In 1998, we were finally able to obtain information from Governor Tucker. It had taken four long years to hear from the governor. He pled guilty in a tax conspiracy case. When Governor Tucker ultimately testified before the Little Rock grand jury in March and April of this year, he had little knowledge of the loan to Susan McDougal's fictitious company and the president's possible involvement in it. He did shed light on the overall transactions involving Castle Grande and Madison. Importantly, as to one subject, Governor Tucker exonerated the president regarding long-standing questions whether the president and Governor Tucker had a conversation about the Madison referrals in the White House in October 1993.
The remaining witness who perhaps could shed light on the issue was Susan McDougal. And therein lies a story that has caused literally years of delay and added expense to the investigation.
Because the proceeds from the fraudulent loan Susan McDougal received had benefited the Clintons – the proceeds were used to pay obligations of the Whitewater Development Company for which the Clintons were potentially personally liable – Susan McDougal was subpoenaed to testify before the grand jury in August 1996 and asked several questions at the heart of the investigation, including:
"Did you ever discuss your loan from David Hale with William Jefferson Clinton?"
"To your knowledge, did William Jefferson Clinton testify truthfully during the course of your trial?"
Susan McDougal refused to answer any of the questions. District Judge Susan Webber Wright then held her in civil contempt, a decision later upheld by the United States Court of Appeals.
The month of September 1996 thus was a crucial time for our office in its attempt to obtain Susan McDougal's truthful testimony. On Sept. 23, 1996, just two weeks after Ms. McDougal had been found in contempt by Judge Wright, President Clinton was interviewed on PBS. The president said, "There's a lot of evidence to support" various charges that Susan McDougal had made against this office. But the president cited no evidence.
The president's comments can reasonably be described as supportive of Ms. McDougal's decision to disobey the court order. So far as we are aware, no sitting president has ever publicly indicated his agreement with a convicted felon's stated reason for refusing to obey a federal court order to testify. Essentially, the president of the United States, the chief executive, sided with a convicted felon against the United States, as represented by United States District Judge Susan Webber Wright, the United States Court of Appeals for the Eighth Circuit, and the Office of Independent Counsel.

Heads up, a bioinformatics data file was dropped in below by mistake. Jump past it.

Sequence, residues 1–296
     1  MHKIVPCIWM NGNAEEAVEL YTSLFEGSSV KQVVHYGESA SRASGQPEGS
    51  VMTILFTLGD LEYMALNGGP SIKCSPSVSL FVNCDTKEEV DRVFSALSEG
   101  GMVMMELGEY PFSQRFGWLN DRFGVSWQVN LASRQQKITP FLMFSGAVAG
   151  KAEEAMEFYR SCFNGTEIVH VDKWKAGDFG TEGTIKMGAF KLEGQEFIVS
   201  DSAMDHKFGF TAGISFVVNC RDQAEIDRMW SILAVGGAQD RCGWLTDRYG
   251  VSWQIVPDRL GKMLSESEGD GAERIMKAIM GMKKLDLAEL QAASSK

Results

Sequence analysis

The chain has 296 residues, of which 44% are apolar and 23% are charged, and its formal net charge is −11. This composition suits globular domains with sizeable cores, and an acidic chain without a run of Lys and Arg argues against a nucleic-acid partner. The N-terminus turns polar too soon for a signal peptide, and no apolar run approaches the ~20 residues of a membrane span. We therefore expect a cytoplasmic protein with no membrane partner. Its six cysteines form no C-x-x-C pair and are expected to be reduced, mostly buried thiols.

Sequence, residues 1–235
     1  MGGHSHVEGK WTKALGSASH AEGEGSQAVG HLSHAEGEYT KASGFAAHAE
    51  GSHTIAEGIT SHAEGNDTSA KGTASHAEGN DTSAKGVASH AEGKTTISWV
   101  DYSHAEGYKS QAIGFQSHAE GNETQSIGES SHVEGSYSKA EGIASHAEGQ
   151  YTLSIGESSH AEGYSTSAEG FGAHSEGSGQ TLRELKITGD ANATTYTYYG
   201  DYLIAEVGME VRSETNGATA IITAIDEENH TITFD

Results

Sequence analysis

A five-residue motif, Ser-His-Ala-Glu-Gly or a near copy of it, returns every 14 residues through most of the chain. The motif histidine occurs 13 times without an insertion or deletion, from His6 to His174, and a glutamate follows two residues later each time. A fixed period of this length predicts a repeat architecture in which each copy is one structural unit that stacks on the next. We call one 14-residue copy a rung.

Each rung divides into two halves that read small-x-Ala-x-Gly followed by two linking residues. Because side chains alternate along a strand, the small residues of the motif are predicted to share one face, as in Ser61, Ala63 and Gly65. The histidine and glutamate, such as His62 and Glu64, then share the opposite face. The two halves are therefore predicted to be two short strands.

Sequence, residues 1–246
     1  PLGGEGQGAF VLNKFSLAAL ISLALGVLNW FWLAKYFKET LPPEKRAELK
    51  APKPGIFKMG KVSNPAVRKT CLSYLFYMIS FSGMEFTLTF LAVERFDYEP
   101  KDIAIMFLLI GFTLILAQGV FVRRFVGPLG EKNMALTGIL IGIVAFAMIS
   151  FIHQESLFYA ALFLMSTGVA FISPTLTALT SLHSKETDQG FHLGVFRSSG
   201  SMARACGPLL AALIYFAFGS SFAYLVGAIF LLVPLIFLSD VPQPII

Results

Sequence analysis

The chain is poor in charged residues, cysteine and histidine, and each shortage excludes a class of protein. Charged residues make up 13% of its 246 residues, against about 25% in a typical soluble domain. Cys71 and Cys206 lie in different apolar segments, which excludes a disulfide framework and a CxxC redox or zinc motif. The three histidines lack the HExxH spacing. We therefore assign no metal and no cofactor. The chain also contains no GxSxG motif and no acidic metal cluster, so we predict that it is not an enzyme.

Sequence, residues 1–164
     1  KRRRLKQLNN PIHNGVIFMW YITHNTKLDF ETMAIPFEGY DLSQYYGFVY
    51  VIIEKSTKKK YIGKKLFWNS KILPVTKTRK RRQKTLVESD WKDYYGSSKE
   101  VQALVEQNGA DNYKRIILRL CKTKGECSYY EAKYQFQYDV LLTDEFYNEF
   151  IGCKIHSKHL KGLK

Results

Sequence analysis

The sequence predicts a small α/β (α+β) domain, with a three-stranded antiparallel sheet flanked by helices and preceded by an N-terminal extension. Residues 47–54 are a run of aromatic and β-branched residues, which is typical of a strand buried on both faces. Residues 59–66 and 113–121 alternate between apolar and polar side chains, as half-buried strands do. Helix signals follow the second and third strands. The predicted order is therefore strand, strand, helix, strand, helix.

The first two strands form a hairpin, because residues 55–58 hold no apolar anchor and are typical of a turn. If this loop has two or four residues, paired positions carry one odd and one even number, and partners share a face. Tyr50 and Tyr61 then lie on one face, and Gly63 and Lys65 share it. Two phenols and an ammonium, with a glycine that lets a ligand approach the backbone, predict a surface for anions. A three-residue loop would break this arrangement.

The president was also asked in this interview whether he would consider pardoning Ms. McDougal. The president refused to rule out a pardon.
The president's answers to these questions were roundly criticized. A New York Times editorial captured the point well, stating that the president's remarks "undercut a legal process that is going forward in an orderly way."
C. Madison Guaranty: Mrs. Clinton and Webster Hubbell
A separate area of our original investigation concerned the Rose Law Firm's work in 1985 and 1986 for Madison. It appeared that Rose may have assisted Madison in performing legal work concerning a piece of property (IDC/Castle Grande), which involved McDougal, Madison, and fraudulent transactions. The complicated real estate deal known as Castle Grande was structured to avoid state banking regulatory requirements and involved violations of federal criminal law.
Grand jury subpoenas were issued in 1994 and 1995 to the Rose Law Firm and to the president and Mrs. Clinton seeking all documents relating to Madison and Castle Grande. We ultimately learned that Mrs. Clinton had performed some work related to Madison's IDC/Castle Grande transactions, but the whole issue remained partially enshrouded in mystery as our office and the Senate Whitewater Committee investigated the issue in 1995.
The problem was that some of the best evidence regarding Mrs. Clinton's work – her Rose Law Firm billing records and her time sheets for 1985 and 1986 – could not be found. The missing records raised suspicions by late 1995 and became a public issue. Webster Hubbell and Vincent Foster had been responsible during the 1992 campaign for gathering information about Mrs. Clinton's work for Madison. Yet the billing records could not be found. The Rose firm's work for Madison could not be fully pieced together. The Rose firm no longer had the records.